How to Prevent Family Conflict Over Aging ParentsWhen it comes to aging parents, certain topics are often at the forefront of the conversation senior living, health care, and financial planning, to name a few. However, there is one topic that is very common but not as openly discussed: family conflict. This type of conflict usually occurs among adult children as their parents or family members go through the aging process. Disputes can also occur between parents, grandchildren, aunts, uncles, cousins, or others. Disagreements often stem from the stress, sadness, denial, anger, or uncertainty people often feel when their loved ones start to need help.Family conflict over aging loved ones is especially prevalent in the state of Florida, which has such a large senior population. In fact, family conflict became such an issue that the Florida Chapter of the Association of Family and Conciliation Courts launched the Elder Justice Initiative on Eldercaring Coordination. This dispute resolution process was specifically created for families experiencing conflict over the care, autonomy and safety of Florida seniors.Clearly, family conflict over aging loved ones is a real issue that impacts seniors. While it is not uncommon, it can be prevented with the proper preparation, communication, knowledge, and guidance.This article will cover several aging-related topics that can lead to family conflicts, and how to best solve or prevent these issues. After all, the best outcomes for seniors occur when there is harmony and teamwork among their adult children. Situations that Can Lead to Family ConflictProblem: Uneven balance of caregiving responsibilitiesAdult children of seniors often have to handle many matters related to their aging parents. These can include taking on the role of a family caregiver, accompanying parents to medical appointments, making healthcare decisions, managing finances, driving them to all their obligations, managing their nutritional needs, performing household maintenance and chores, and many other duties.When multiple adult children are involved, it is natural for one child to take on more of the caregiving load than the others. This is often the case when one child lives much closer to their parents than the others.But when these duties are not evenly distributed among the children, some start to develop feelings of anger or bitterness toward their siblings.Solution: When feelings of bitterness and resentment start to develop, have a civil discussion with your siblings about the issue. Rather than being accusatory, try to make a plan to solve the problem. Write out all the responsibilities required for taking care of your aging parents, and specifically delegate each duty to certain people. Make sure everyone is on board with the agreement and is assigned a role that is achievable for them. Keep the list somewhere everyone can access it, whether it be a printed copy for each family member, or even a shared Google Doc. Plan to have frequent check-in meetings to make sure everyone is doing their part and discuss any concerns that have arisen.For example, one child who lives nearby can be in charge of driving their parents to appointments, while another child who lives farther away can take on the role of managing their finances. Or, if one person is unable to physically help, perhaps they would be willing to contribute financially to help make the other childrens roles a little easier whether that be by paying for respite care, a geriatric care manager, hospice care, or another service. Problem: One sibling is being excluded from the decision-makingSometimes, one child will take over most of the decision-making for their senior parents, causing the other siblings to feel as though they are being left in the dark about these important issues. Solution: In these situations, communication is key. In a calm manner, tell your sibling how you are feeling. It could be that they are simply unaware of their actions. Or, they might have thought they were making their siblings lives easier by not involving them. Explain your point of view and that you want to be more involved in matters relating to your aging parents. From there, you can work together to make an arrangement that you are included in.Problem: Disagreements about the amount of care neededFor some people, it can be hard to come to terms with the fact that their parents needs and abilities are changing. This can lead to denial or avoidance of the situation which is not only harmful for the seniors, but can also cause disagreements between adult children.In other situations, some adult children may believe their parents are able to safely age in place in their own home, while others may think senior living would be the best choice.Solution: Sometimes a professional outside opinion is all it takes for people to come to an agreement about their parents care needs. Consult your parents doctors for a professional report about their health status and changes in ability. It is also wise to contact an expert senior advisor like Florida Senior Consulting to conduct necessary assessments and make professional recommendations for the senior. A senior advisor can also help inform about all the possible options, whether that be in-home care or senior living. Along with involving outside sources, siblings can work together to research the situation at hand. For example, if the seniors are experiencing memory issues like dementia, adult children can research this topic to learn what level of care is often recommended in these situations. This method is always a good place to start and helps everyone be on the same page about their loved ones needs.Problem: Disagreements about end-of-life care and estate planningEstate planning and end-of-life care can be uncomfortable or delicate topics to discuss. Because of their complexity, these matters can often lead to disagreements among adult children.Solution: In these tricky situations, it is often best to leave the decisions up to your parents. If possible, have them choose a power of attorney and set up advance directives like a living will and health care surrogate designation before a crisis occurs. This will prevent any future conflicts that could arise among family members if these designations are not in place.If a crisis occurs and your parents do not have these documents or their estate in order, it is best to contact an elder law attorney, a financial planner that specializes in elder affairs, and possibly a family mediator to help with inheritances. These professionals can help get the situation sorted out without the risk of a conflict developing between family members.Next Steps for Adult Children to Help their Aging ParentsDont let conflicts about your aging parents tear your family apart. In difficult times, it is important for families to come together so the seniors in your life can receive the best care possible. This positive outcome is only achieved when the adult children work together as a team. After all, as Helen Keller once said, Alone we can do so little; together we can do so much.If you and your family need guidance on how to best help your aging loved ones, always contact a professional. Florida Senior Consulting will help you every step of the way, from deciding the right plan for care, finding the best assisted living community, packing, moving, and everything in between.Our expert senior advisors are local to Florida and will help you and find the best care possible.Call (800) 969-7176 or visit FloridaSeniorConsulting.com to get started today.Senior living on your terms. The choice should be yours.
FirstLight Home Care is a renowned provider of non-medical home care services, offering a range of solutions designed to meet the unique needs of each client. Their team of dedicated caregivers is passionate about fostering independence and ensuring the well-being of those they serve.Services Offered:1. Companion Care: FirstLight Home Care understands the importance of companionship for overall well-being. Their caregivers provide friendly and supportive companionship, engaging clients in meaningful conversations, games, and activities.2. Personal Care: Recognizing the significance of personal dignity, FirstLight's caregivers assist with activities of daily living, including bathing, grooming, and mobility support. These services are tailored to maintain a sense of independence and dignity for clients.3. Dementia Care: For individuals living with dementia, FirstLight Home Care offers specialized care services. Caregivers undergo extensive training to provide compassionate support while promoting a safe and familiar environment for those with cognitive challenges.4. Respite Care: Family caregivers often need a break to rest and recharge. FirstLight Home Care offers respite care services, allowing family members to take time off while ensuring their loved ones receive the care and attention they deserve.5. Transition Assistance: Moving from a hospital or rehabilitation facility to home can be challenging. FirstLight Home Care assists in easing this transition by providing support during the initial period, helping clients regain their independence.6. Travel Companion Program: FirstLight understands that travel can be daunting for seniors or those with special needs. Their Travel Companion Program offers assistance for individuals who want to explore the world, ensuring a comfortable and secure travel experience.Quality of Care:FirstLight Home Care is committed to delivering exceptional care through highly trained and compassionate caregivers. Their rigorous hiring process ensures that caregivers possess the necessary skills, empathy, and dedication to meet the diverse needs of their clients.Client-Centered Approach:What sets FirstLight Home Care apart is their emphasis on individualized care plans. Each client receives a customized care plan based on their unique preferences, needs, and lifestyle. This client-centered approach ensures that the care provided aligns with the values and goals of those receiving it.Conclusion:FirstLight Home Care in Minneapolis is more than just a care provider; it is a partner in enhancing the lives of individuals and families. Through their comprehensive range of services and commitment to personalized care, FirstLight stands as a beacon of support, promoting independence, dignity, and a higher quality of life for all those they serve. Call us for more information and help at 612-473-3227.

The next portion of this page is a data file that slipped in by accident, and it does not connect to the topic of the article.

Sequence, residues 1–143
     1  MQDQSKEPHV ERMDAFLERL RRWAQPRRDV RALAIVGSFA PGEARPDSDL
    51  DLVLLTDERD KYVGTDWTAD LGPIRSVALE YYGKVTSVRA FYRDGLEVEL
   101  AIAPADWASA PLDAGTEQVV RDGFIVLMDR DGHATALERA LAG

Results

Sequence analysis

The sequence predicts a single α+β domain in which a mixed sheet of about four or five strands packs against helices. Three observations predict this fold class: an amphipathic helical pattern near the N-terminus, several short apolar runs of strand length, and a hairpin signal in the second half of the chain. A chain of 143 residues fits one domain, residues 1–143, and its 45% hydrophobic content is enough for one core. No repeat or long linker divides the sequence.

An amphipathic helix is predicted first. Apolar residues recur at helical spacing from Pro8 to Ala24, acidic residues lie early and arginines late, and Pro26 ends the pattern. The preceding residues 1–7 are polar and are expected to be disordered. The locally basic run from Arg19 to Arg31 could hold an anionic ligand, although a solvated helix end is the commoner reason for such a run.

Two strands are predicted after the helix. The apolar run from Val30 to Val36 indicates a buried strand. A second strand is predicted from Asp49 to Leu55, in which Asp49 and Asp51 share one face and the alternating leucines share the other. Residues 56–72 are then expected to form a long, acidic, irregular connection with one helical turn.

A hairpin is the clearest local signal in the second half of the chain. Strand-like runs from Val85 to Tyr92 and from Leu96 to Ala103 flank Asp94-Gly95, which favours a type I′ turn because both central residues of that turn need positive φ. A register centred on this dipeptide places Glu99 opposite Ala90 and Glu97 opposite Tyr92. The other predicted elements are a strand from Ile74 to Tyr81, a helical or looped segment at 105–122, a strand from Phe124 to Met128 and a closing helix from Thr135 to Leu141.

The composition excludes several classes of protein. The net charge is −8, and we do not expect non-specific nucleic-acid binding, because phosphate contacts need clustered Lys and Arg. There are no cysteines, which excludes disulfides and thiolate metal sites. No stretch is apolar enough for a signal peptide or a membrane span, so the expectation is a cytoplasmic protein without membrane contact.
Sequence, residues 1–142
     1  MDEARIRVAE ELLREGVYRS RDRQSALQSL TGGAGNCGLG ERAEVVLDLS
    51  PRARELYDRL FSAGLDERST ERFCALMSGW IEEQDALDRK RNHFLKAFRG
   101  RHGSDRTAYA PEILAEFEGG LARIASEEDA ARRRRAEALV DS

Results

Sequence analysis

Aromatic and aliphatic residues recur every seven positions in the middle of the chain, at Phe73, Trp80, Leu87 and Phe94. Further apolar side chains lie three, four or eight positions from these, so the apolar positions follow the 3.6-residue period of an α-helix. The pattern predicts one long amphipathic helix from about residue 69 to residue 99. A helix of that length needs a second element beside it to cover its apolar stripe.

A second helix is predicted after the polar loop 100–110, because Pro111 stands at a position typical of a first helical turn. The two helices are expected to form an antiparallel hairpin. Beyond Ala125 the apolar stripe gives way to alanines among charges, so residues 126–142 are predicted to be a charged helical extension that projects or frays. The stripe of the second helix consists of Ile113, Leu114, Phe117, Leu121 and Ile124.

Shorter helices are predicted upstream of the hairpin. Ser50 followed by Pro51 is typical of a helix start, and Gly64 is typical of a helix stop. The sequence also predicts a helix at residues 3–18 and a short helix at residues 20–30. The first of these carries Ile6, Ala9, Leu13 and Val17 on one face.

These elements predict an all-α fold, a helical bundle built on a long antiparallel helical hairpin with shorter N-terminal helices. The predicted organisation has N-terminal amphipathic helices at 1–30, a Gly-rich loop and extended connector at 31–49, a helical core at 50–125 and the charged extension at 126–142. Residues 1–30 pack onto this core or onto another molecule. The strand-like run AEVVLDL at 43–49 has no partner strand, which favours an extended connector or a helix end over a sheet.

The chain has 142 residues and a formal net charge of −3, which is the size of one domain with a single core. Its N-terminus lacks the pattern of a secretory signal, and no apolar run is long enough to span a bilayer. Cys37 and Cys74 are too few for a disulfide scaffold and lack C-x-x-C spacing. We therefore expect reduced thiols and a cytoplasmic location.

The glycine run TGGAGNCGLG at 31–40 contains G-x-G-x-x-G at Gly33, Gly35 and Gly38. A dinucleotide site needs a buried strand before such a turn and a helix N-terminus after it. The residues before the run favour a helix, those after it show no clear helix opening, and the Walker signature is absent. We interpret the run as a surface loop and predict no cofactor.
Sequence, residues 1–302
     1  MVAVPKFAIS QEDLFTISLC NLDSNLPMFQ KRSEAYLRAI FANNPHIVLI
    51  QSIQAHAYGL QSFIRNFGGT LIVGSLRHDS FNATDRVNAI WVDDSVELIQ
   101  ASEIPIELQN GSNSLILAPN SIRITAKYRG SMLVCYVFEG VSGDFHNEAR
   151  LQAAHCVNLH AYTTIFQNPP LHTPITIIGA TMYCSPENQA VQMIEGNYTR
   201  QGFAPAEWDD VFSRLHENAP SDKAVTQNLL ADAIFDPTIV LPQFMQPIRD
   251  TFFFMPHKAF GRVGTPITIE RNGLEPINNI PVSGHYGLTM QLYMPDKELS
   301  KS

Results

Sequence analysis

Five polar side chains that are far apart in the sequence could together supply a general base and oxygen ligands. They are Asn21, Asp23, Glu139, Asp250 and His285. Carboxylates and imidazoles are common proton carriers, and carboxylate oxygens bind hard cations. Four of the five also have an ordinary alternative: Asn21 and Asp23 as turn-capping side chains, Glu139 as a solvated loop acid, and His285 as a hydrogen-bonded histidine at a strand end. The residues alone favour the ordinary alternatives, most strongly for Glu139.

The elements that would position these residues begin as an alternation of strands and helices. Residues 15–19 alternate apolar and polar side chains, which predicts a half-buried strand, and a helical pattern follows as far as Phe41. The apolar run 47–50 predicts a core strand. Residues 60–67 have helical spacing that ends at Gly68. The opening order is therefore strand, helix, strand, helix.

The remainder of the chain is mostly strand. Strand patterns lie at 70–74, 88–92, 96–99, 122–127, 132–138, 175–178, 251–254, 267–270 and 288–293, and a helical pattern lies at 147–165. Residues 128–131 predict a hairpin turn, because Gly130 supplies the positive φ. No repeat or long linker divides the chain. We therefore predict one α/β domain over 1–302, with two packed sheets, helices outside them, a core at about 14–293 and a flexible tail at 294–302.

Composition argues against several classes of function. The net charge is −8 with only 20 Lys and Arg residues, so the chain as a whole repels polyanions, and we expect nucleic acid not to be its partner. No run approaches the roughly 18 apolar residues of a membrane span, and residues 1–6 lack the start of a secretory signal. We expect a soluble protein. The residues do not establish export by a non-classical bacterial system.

Caregiver Stress Awareness in Hospice CareBy: Joelle Jean, FNPCaring for a loved one who is terminally ill and on hospice is emotionally and physically taxing. In 2015, an estimated 39.8 million caregivers provided unpaid care to an adult with a disability or illness. The estimated value of the service supplied by caregivers is up to $470 billion since 2013.Caregivers may deny help from others, perhaps out of guilt or obligation. However, 1 out of 6 caregivers report not being asked what they need to care for themselves. Caregivers can work up to 8.3 hours per day or 66 hours per week during their loved ones last days of life. Often, this is in addition to working a full-time job and caring for their own immediate family.Caregivers are at risk for depression, severe fatigue, or burnout, or even health issues such as hypertension, stroke, obesity, or weight loss due to stress.What is a caregiver?A caregiver, also known as an informal caregiver, is an unpaid individual or group of individuals who provide care to a loved one. Caregivers can be a spouse, family members, partner, friend, neighbor, or combination of these individuals.A caregiver assists their loved ones with activities of daily living which include:BathingDressingEatingToiletingShoppingHousekeepingTransportationMedical tasks such as giving medications, changing wound dressings, and managing painA caregiver can also play a significant role in coordinating care for their loved ones. Many are appointed power of attorney or the primary decision maker for their loved ones, managing finances, property, and most suitable medical care for the individual. What causes caregiver stress or burnout?There is no clear definition of caregiver stress. The Merriam-Webster dictionary defines stress as a physical, chemical, or emotional factor that causes bodily or mental tension and may be a factor in disease causation. Burnout can be a response to stress, defined as extreme emotional exhaustion. According to stress.org, stages of burnout are:EnthusiasmStagnationFrustrationApathy or loss of interestA caregiver with stress or burnout exhibits signs of feeling overloaded, overwhelmed, emotionally drained, tiredness, detachment from the person they are caring for, and a reduced sense of accomplishment.Who is most affected by caregiver stress?Caregiver stress affects the person or people directly caring for their loved one. Stress can also affect caregivers in different ways. For example, one caregiver may find specific tasks stressful or overwhelming while another caregiver may find the task relaxing and rewarding.What are the signs and symptoms of caregiver stress?Often, caregivers are not aware of their stress or feeling of burnout. Signs and symptoms of caregiver stress can be subtle or obvious. It is important to identify caregiver stress so it can be eased.AnxietyAnxiety is a stress response, activating the fight or flight response that happens chemically in the brain. Physically, anxiety can be described as:Increased heart rateFeelings of doom or hopelessnessStomach pain and or spasmsHeadacheSweatingHeavy breathingFeeling weak or tiredWorryFatigueCaregivers suffering from stress may not realize they are fatigued. Fatigue is the bodys response to burnout and can be physical, emotional, or psychological.Weight changesStress can cause weight changes and affect eating patterns. Weight change can occur when dealing with caregiver stress. Rapid weight gain or unexplained weight loss is a warning sign of caregiver stress and should be addressed appropriately.IrritabilityCaregivers may become easily annoyed or short-tempered with loved ones, family members, or friends. Feeling irritable may be a warning sign of caregiver stress.Feelings of being overwhelmedFeeling overwhelmed or anxious is normal. Caregivers may become overwhelmed with the amount of care needed to provide to their loved ones. Trouble concentrating, changes in sleep patterns, and changes in eating habits may occur.DepressionLosing interest in activities can be a sign of depression due to the demanding responsibilities of caregiving. Signs of depression include:Little interest or pleasure in doing thingsFeeling down or hopelessChange in sleep patternsFatigue and tirednessThoughts of death or suicidePotential health risks as a result of caregiver stressChronic stress (or stress lasting for more than six weeks) can have lasting health problems. Caregivers exhibiting signs and symptoms of stress and burnout have a higher chance of developing health risks.High blood pressureCaregivers can suffer from high blood pressure due to the stress of caring for a loved one in hospice. If caregivers have already been diagnosed with high blood pressure, stress can make the disease worse. Uncontrolled high blood pressure puts caregivers at higher risk for:StrokeAtherosclerosis or disease of the arteriesHeart attackOrgan damageWeakened immune systemThe immune system is in place to protect the body from illness and disease. Stress can cause a weakened immune system. With a weakened immune system, caregivers can become sick or develop chronic illnesses such as:Inflammation throughout the bodyIncrease in fat in the blood and bodyChronic painFrequent colds and infections Short term memory lossStudies have shown that a symptom of chronic stress is the shrinking of the brain. Shrinking of the brain causes short-term memory loss. Short term memory loss affects learning, judgement, and memory process. Headaches and body painsStress can cause headaches and body pains. On a hormonal level, the increase of cortisol causes headaches even at rest. The physical nature of caring for a loved one on hospice- lifting, standing, walking, and rotating- can cause severe body pain or injury. How to relieve or prevent caregiver stress and burnoutSelf-care is imperative for caregivers caring for their loved ones in hospice. Self-care means caring for yourself, so you can improve your health to care for others.Exercise regularlyFinding the time and the energy to exercise might sound difficult. However, even carving out 30 minutes a day has positive effects on your health. Exercising whether it is running, walking, swimming, or doing yoga will lower blood pressure, increase energy, and improve mood.Asking and accepting help from othersAccepting help can be difficult for some caregivers. It is important to ask and accept help so that you are available for your loved one mentally and physically.Under most insurances and Medicare, respite care is available to relieve the burden of caregiver stress. Respite care will give short term caregiver relief to those who are in need.Eat and sleep wellEating and sleeping well are fundamental in protecting your physical and mental health. A well-balanced meal of fruits, vegetables, and plant-based foods is important for physical and mental well-being. Adding vitamins such as a multivitamin, vitamin D, or vitamin B-12 can also help improve your mood and energy.Having a good nights sleep has many health benefits. Feeling well-rested and energized will only benefit you, as the caregiver, and your loved one. Improved memory, mood, and overall well-being are all benefits of quality sleep.Seek out support groupsSupport groups add immense value to caregivers who are caring for loved ones in hospice. Joining support groups reassures caregivers that they arent alone. Support groups:Allow you to talk about your feelingsHelp you realize others are going through the same situationReduces stress and depressionTeaches coping skills and ways to divert stressMaintain personal relationshipsMaintaining personal relationships is as important as joining support groups. Meeting up with friends or family members allows you to relax. It also allows you to take time for yourself and time away from your loved one. Awareness of caregivers stress and burnout must be addressed and acknowledged for caregivers to feel supported and recognized for their challenging work. The hospice team and its services are a fundamental part of bringing this awareness to the forefront.